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Kashmir Cultural Notes – The Rice-man

Chefs of Kashmir

The Rice-Man


Other than politics, which has continuously been picking our minds like woodpeckers on tall pine trees, gossip about wazawan dominates our discourses during the marriage seasons. In olden times, even during our childhood, it comprised seven to nine dishes, and as we advanced in our age, it also started graduating from cuisine to cuisine. Today, on average, the number of the multi-cuisine lamb mutton dishes has gone up to thirty-five- in many cases, more particularly the feast for bridegrooms, the number ranges from fifty to seventy.

In our childhood, chicken dishes were not part of the Wazawan. These perhaps were added to multi-cuisine dishes in the late sixties. Many an expert Ashpazs had then seen it as spoiling to the sanctity of the traditional wazawan. Though our elders before 1947 frequented Peshawar and Lahore, the dishes of these places had not impacted our traditional wazawan. Perhaps, the Chicken was added to Kashmir’s sumptuous feast under the influence of Saudi Arabia. Many chefs from Srinagar after the 1960s went on pilgrimage. It came to be called ‘waza-Kokur’- now more than three chicken dishes have been added to Wazawan. The Chicken is also cooked in the mutton soup like other dishes of Wazawan, including vegetable dishes. These chicken dishes, some cooked in milk or curd, when taken out independently, are quite savouring. Still, amidst the mounds of mutton spread all over the trami that already have vanquished taste buds, they lose supremacy to gratify our palate. Another incongruous item added to traditional wazawan has been pulao; it is served in a separate carved copper bowl and is shared in pinches by four relishing from a common Trami (large tinned copper plate). It at all does not go well with wazawan. It looks like an appendage – a vestige that could easly be scissored to retain the sanctity of wazawan.

In as much cooking of this multi-cuisine feast of Kashmir that has earned a distinctive place to our land in the culinary world is concerned, the Vasta Waza (head chef) is the protagonist and an institution unto himself. It takes him decades of apprenticeship to graduate to be the leader of his team of fifteen to twenty cooks. The number of cooks involved in preparing the feast depends on the quantity of mutton to be cooked. In the lower-middle-class marriages, usually, five to six quintals of meat and one quintal of chickens are cooked. The scene in politically oriented weddings of the wealthy and elite, where lots of politicians and tops in the administration are invited, is different—the quantity of mutton cooked ranges from ten to fifteen quintals. A lot of attention is paid to décor and illuminations. And of late, some politicians and non-resident Kashmir have been booking five-star hotels for marriage ceremonies.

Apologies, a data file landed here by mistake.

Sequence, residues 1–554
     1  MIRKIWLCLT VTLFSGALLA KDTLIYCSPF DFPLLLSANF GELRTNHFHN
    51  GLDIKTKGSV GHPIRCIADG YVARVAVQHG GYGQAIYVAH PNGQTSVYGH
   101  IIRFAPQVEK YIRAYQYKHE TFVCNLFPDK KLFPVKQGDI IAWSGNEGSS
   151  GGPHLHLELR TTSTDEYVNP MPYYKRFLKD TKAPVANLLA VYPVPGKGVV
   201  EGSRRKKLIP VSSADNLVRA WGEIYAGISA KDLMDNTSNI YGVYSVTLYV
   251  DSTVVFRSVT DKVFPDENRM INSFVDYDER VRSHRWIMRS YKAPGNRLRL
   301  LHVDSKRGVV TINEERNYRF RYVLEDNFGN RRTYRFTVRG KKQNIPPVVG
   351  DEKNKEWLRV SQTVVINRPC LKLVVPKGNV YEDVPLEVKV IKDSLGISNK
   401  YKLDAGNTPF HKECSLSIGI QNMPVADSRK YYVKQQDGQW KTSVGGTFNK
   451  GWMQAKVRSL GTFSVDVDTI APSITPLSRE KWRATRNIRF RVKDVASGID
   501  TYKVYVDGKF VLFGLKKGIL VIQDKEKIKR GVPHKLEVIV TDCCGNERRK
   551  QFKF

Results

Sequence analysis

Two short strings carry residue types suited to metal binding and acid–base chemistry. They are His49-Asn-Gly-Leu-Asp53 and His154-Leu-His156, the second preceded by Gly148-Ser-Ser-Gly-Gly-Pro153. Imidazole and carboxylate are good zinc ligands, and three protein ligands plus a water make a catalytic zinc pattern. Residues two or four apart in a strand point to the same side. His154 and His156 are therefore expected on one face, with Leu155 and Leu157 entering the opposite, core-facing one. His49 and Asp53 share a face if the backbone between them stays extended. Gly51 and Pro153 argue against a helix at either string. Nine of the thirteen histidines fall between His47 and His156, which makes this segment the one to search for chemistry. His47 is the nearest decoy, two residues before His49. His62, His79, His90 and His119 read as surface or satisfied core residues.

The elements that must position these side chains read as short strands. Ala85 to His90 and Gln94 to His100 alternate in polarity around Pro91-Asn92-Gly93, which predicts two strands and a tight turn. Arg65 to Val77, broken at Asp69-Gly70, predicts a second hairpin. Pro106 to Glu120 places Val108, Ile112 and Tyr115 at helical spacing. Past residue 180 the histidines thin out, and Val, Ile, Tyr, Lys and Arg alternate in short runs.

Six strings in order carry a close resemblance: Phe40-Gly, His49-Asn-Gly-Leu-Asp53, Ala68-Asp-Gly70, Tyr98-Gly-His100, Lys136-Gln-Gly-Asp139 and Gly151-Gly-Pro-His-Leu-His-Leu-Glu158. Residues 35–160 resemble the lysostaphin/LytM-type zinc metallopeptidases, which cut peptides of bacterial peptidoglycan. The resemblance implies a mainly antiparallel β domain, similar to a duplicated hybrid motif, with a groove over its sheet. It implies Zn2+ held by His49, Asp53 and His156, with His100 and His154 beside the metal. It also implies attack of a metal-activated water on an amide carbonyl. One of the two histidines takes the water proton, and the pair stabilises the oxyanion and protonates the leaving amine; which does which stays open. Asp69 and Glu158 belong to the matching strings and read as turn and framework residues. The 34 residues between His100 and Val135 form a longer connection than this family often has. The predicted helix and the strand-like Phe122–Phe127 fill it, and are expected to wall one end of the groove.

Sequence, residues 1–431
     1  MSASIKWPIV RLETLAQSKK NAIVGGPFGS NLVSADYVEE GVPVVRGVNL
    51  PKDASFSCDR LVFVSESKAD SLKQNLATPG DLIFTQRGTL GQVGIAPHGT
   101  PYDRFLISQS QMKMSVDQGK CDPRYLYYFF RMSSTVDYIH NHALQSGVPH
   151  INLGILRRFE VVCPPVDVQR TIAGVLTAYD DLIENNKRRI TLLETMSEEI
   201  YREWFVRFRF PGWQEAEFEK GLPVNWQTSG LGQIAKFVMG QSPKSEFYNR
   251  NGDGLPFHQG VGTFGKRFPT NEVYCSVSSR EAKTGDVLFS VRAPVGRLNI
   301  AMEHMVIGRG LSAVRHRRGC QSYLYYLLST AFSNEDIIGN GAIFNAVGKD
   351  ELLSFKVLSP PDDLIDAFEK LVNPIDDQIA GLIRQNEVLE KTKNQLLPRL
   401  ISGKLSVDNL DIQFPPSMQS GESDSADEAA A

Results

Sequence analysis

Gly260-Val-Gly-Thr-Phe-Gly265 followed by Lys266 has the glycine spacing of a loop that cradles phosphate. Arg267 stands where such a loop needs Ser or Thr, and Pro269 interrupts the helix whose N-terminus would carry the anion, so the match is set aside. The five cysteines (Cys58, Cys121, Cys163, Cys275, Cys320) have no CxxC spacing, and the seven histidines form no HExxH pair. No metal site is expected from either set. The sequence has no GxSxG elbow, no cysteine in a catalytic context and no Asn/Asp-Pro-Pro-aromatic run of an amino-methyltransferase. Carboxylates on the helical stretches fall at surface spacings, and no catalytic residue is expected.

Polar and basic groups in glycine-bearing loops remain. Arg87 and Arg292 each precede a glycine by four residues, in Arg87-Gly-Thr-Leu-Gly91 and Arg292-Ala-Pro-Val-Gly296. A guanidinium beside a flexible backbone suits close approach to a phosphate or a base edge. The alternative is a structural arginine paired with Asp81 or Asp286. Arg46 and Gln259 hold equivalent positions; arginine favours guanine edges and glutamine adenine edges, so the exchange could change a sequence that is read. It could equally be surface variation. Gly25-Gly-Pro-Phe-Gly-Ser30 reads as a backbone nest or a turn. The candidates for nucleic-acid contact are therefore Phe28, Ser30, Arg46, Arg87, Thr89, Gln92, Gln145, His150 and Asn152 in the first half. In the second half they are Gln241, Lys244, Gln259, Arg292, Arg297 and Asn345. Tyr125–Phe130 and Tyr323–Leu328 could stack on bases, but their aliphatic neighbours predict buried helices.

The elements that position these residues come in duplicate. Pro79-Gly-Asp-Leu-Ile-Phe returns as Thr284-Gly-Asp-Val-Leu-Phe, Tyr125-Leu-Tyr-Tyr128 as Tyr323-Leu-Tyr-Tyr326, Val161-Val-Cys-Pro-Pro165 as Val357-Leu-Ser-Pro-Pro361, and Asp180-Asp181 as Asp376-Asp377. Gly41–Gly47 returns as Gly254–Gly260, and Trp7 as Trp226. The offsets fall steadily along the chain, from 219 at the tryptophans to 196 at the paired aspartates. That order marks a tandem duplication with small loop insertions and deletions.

Coming back to Vasta Wazas, through hard labour during their apprenticeship, they master the art of judging the quality of spices. From smelling the spices and other ingredients used in wazawan, they can tell about their quality. Chopping fresh lamb meat for different cuisines is an art that has come to him through experience- it is something worth watching than putting in words. A team of junior wazas, while mincing the meat with heavy-duty cleavers for making kababs in synchronization with the rhythm of wooden mallets of those engaged in pulverizing mutton for making Gustaba and Rista often sing romantic songs of Rasul Mir and add to the festivity of the marriages. This whole job is done under the strict supervision of the Vasta (head chef).

The rice is the primary ingredient of wazawan – it is the staple food of Kashmiris. The rice cooking, which otherwise at homes does not need much an expertize,for wazawan needs unique expertise. Usually, in the wasta waza (chief Chef) team, everyone cannot cook rice- it needs specialization, a minor mistake in its preparation can spoil the entire feast. In old times, the Kashmir valley was known as the rice bowl and was famed for the best indigenous verities. There were almost a hundred varieties of indigenous varieties. For their fragrance and sweetness, some kinds of rice were famed beyond the high mountains of the valley. Some fragrant indigenous varieties like Mushk Bu’deg and Kamad varieties were cooked specially for the feast of the bridegroom. Those who could afford it cooked it for everyone as of late 1970. Historian Dr Sheikh Mohammad Iqbal told me that in Budgam area of Kashmir, some areas were identified for cultivating the special varieties only for the royal courts. Almost all the indigenous rice varieties became extinct after high yield Chinese seeds were introduced in Kashmir.  Having lost the fragrant native rice varieties, now the wazas insist on rice cultivated on spring water fed paddy fields. Rice produced in paddy fields irrigated by waters from the famed Kokernag spring in South Kashmir is considered the best. The rice from the spring-fed fields in the ratio of  1:4  mixed with a revived Mushk bu’deg variety is seen as the best variety. Of course, the quality of rice is vital for a good feast, but a lot depends on the Chef cooking the rice.

Let us try as much as we can to preserve our traditional culinary and gastronomic.

Wrote this nostalgia column after two years.

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